Military jokes, whether army jokes or navy jokes, humanized the brave souls who defended America. You can tell that the authors were familiar with the subject.



A young lieutenant was passed by a private, who failed to salute. The lieutenant called him back, and said sternly:

"You did not salute me. For this you will immediately salute two hundred times."

At this moment the General came up.

"What's all this?" he exclaimed, seeing the poor private about to begin.

The lieutenant explained.

"This ignoramus failed to salute me, and as a punishment, I am making him salute two hundred times."

"Quite right," replied the General, smiling. "But do not forget, sir, that upon each occasion you are to salute in return."


The sergeant-major had the reputation of never being at a loss for an answer. A young officer made a bet with a brother officer that he would in less than twenty-four hours ask the sergeant-major a question that would baffle him.

The sergeant-major accompanied the young officer on his rounds, in the course of which the cook-house was inspected. Pointing to a large copper kettle of water just commencing to boil, the officer asked:

"Why does that water only boil round the edges of the copper and not in the center?"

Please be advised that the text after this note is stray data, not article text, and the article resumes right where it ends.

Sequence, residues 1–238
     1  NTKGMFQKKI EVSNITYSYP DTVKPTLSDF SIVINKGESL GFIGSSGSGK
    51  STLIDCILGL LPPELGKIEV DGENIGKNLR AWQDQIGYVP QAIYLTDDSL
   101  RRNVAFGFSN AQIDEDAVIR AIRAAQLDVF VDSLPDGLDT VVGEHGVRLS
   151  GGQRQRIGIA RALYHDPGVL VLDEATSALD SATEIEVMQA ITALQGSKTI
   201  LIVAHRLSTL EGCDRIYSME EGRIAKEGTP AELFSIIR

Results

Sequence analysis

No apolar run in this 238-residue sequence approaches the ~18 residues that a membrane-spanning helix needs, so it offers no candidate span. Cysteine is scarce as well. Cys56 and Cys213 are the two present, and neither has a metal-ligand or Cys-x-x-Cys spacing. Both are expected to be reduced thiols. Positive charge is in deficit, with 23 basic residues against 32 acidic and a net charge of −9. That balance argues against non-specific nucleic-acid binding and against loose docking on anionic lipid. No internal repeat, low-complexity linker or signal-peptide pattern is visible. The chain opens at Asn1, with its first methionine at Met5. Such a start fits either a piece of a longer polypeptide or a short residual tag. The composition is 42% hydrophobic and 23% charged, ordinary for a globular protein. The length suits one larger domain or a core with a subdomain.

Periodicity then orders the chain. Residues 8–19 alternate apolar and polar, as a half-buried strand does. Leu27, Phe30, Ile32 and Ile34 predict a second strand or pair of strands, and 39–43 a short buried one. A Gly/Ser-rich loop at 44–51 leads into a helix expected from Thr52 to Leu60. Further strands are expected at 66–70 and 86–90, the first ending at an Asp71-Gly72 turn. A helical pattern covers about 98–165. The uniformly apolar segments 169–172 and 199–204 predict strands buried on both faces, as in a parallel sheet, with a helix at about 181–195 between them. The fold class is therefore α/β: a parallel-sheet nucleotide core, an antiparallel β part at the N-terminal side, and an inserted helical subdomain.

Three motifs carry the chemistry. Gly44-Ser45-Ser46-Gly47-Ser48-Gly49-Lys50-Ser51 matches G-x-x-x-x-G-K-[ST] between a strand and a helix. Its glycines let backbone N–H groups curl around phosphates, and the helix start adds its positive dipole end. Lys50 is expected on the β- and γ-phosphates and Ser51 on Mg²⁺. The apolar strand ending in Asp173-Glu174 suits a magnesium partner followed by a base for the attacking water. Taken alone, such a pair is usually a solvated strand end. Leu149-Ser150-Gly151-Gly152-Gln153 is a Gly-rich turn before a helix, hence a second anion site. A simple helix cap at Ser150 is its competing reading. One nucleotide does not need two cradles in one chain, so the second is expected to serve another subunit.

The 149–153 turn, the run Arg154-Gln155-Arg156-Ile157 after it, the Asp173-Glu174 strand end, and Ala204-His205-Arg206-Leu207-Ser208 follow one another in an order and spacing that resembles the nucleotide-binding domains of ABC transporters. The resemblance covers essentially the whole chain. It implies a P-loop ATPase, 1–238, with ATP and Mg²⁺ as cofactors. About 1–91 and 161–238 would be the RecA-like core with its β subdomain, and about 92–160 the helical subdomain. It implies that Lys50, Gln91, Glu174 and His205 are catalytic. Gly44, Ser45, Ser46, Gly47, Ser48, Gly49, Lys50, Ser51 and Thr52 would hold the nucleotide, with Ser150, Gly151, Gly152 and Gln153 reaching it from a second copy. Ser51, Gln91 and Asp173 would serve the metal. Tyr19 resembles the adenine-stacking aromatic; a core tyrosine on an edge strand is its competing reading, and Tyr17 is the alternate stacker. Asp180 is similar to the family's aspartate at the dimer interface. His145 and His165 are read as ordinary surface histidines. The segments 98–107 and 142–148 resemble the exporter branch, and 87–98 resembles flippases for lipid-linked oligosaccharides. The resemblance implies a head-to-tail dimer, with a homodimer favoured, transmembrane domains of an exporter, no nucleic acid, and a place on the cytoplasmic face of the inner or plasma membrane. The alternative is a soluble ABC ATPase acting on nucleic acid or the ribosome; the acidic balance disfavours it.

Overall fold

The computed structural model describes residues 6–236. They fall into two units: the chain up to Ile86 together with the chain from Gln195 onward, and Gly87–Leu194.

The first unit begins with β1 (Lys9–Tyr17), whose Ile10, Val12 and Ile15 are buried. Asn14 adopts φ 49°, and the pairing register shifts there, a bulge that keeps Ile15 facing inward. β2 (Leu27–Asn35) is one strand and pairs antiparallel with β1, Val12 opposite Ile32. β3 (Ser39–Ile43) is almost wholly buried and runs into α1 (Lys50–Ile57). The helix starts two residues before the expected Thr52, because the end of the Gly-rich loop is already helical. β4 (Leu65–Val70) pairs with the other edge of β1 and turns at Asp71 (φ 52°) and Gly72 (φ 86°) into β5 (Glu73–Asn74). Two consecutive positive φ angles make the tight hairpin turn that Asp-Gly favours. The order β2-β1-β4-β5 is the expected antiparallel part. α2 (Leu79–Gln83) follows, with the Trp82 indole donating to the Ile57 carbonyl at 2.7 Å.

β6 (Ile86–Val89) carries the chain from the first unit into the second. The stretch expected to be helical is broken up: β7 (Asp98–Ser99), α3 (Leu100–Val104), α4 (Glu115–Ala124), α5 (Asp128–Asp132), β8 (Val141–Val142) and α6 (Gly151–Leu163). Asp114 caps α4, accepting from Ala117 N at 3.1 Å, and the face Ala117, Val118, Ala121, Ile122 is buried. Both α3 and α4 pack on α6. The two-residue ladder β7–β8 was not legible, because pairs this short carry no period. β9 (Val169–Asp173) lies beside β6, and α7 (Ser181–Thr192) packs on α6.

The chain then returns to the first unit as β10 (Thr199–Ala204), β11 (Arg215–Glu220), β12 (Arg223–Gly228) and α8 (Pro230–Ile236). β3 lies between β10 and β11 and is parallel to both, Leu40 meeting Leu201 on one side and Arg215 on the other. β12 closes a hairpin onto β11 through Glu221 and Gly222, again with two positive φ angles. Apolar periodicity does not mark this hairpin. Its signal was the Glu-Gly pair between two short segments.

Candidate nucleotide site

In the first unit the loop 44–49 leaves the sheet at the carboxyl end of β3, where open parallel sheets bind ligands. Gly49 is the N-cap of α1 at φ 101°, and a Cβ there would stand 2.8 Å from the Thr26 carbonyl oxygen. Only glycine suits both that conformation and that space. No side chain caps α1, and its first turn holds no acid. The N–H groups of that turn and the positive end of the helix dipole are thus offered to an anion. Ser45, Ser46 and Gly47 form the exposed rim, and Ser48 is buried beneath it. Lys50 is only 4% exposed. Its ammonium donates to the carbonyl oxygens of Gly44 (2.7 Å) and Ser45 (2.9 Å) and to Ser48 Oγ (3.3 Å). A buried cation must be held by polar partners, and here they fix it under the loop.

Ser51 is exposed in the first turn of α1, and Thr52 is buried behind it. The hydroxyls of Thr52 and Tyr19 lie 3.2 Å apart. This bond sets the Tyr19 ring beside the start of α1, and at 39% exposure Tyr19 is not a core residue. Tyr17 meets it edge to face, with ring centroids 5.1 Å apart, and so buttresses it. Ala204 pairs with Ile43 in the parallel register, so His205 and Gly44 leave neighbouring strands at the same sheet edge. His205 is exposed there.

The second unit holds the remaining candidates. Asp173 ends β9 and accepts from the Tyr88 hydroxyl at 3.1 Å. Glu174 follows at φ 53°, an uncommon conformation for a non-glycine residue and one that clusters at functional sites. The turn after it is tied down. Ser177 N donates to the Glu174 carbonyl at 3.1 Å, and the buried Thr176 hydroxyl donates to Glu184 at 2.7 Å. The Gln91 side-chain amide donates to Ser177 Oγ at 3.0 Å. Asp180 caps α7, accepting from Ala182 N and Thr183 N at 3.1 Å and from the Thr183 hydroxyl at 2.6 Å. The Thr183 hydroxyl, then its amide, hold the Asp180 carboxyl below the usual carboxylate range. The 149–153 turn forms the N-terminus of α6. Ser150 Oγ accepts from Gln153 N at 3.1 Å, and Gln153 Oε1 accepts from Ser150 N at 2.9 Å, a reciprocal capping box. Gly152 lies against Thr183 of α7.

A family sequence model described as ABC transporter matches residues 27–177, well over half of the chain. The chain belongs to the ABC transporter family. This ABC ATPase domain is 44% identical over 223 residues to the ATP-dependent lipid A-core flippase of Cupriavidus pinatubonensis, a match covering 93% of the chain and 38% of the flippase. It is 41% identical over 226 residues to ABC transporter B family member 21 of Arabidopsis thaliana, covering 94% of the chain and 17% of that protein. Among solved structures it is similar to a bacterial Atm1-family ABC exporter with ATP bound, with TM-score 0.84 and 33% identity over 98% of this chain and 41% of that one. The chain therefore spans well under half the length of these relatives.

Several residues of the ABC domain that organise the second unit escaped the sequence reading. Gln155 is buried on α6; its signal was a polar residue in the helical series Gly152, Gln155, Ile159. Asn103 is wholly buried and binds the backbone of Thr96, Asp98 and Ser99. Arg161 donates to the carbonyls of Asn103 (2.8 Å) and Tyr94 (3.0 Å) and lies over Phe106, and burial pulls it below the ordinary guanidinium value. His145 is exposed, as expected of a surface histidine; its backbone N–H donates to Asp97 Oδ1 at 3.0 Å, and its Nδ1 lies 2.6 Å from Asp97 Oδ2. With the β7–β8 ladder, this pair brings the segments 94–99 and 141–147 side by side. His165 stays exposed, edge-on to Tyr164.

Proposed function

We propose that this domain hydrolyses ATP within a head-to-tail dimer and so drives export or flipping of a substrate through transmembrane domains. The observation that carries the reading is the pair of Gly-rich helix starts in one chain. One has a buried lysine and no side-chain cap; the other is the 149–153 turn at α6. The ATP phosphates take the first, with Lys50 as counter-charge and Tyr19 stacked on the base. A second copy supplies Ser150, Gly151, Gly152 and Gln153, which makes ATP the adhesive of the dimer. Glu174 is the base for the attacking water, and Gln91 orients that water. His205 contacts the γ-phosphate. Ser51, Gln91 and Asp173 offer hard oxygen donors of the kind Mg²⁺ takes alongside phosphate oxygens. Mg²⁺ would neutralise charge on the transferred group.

"The water round the edge, sir," replied the veteran, "is for the men on guard; they have their breakfast half an hour before the remainder of the company."


The officer of the day, during his tour of duty, paused to question a sentry who was a new recruit.

"If you should see an armed party approaching, what would you do?" asked the officer.

"Turn out the guard, sir."

"Very well. Suppose you saw a battleship coming across the parade-ground, what would you do?"

"Report to the hospital for examination, sir," was the prompt reply.


Joe T. Marshall, formerly of Kansas, recently became the father of an eight-pound boy, and wished to cable the news to his family in America.

The censor refused to allow the message to go through.

"What's the matter?" Marshall asked indignantly.

"We aren't permitted to announce the arrival of Americans in France!"


Private Simpkins had returned from the front, to find that his girl had been walking out with another young man, and naturally asked her to explain her frequent promenades in the town with the gentleman.

"Well, dear," she replied, "it was only kindness on his part. He just took me down every day to the library to see if you were killed."


An officer on board a warship was drilling his men.

"I want every man to lie on his back, put his legs in the air, and move them as if he were riding a bicycle," he explained. "Now commence."

After a short effort one of the men stopped.

"Why have you stopped, Murphy?" asked the officer.

"If ye plaze, sir," was the answer, "Oi'm coasting."


During a dust-storm at one of the army camps, a recruit sought shelter in the cook's tent.

"If you put the lid on that camp kettle you would not get so much dust in your soup."

"See here, my lad, your business is to serve your country."

"Yes," replied the recruit, "but not to eat it."

counter easy hit

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